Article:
JRM Vol.5 No.4 pp. 381-387
doi: 10.20965/jrm.1993.p0381


Questions and Answers Among Multiple Robots for Dynamically Enhancing Each Robot’s Capability

Tooru Morita*, Shigeto Aramaki*, Shigeru Kurono**
and Kouu Kagekawa*

*Kinki University, Kyushu Campus, 11-6 Kayanomori, Iizuka-shi, Fukuoka, 820 Japan

**Kyushu Sangyo University, 2-3-1 Matsukadai, Higashi-ku, Fukuoka, 813 Japan

April 16, 1993
April 26, 1993
August 20, 1993
Distributed robot, Knowledge representation, CD form, Transmission of knowledge
The importance for performing a work through the cooperation of multiple robots is also being emphasized over many tasks done by granting various functions to a single robot. In the past, the research has mainly been done on the algorithm when multiple robots behave cooperatively. In addition, such a method has also been taken in many cases that a human issues instructions and work skills to a robot. However, a human's burden can be greatly alleviated if a robot can issue the instructions and transmit the knowledge to another robot. The present study considers the case in which a robot teaches the knowledge to another robot through questions and answers. In this case, the expression format of the necessary knowledge and the knowledge transmission method are proposed. The robot that teaches the knowledge must know what type of knowledge the taught robot holds. On the other hand, the taught robot must previously hold the minimum level knowledge to understand what is taught. First of all, the same format of knowledge possessed by the respective robots must be shared for the sake of standardization of knowledge. Next, the transmission of knowledge means writing the character string into the counterpart robot's database. The processing inside the counterpart robot's database is entirely done in CD form (conceptual dependency form). Using this CD form simplifies the transmission and processing of knowledge and the translation into a lower level robot language. Furthermore, the conformity with various robots which are being developed using the CD form can also be improved. A teacher robot could teach the procedures of assembling work to a worker robot using this system.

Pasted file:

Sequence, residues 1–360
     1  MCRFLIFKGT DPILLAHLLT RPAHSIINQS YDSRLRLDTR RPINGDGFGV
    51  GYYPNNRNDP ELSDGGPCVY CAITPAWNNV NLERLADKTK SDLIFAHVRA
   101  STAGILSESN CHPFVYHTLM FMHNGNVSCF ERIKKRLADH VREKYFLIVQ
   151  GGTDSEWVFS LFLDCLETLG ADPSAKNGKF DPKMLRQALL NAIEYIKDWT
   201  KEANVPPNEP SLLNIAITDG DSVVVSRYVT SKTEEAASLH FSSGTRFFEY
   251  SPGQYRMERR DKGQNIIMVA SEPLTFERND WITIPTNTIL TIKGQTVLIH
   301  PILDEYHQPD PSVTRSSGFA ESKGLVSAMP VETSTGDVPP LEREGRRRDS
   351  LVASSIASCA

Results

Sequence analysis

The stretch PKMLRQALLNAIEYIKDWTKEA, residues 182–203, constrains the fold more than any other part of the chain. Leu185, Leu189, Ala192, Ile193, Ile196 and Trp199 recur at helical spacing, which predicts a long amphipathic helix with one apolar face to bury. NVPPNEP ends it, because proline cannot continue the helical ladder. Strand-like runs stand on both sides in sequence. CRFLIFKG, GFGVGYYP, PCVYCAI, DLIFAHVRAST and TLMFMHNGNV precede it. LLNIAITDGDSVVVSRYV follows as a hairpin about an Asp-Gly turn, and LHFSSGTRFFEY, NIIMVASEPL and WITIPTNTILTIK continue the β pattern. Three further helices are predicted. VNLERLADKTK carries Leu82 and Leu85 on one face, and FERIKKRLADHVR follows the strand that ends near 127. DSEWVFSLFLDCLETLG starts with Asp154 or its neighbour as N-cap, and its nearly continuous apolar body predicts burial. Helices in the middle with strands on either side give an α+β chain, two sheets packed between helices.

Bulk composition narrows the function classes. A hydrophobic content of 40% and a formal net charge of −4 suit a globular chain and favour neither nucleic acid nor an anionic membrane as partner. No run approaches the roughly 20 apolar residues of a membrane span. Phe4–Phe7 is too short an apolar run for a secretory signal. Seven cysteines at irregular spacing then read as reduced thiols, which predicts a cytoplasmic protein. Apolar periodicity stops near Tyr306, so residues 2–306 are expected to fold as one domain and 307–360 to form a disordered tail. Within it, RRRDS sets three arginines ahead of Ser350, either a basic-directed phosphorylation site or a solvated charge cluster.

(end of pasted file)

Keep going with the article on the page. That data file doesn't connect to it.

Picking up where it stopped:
Cite this article as:
T. Morita, S. Aramaki, S. Kurono, and K. Kagekawa, “Questions and Answers Among Multiple Robots for Dynamically Enhancing Each Robot’s Capability,” J. Robot. Mechatron., Vol.5 No.4, pp. 381-387, 1993.
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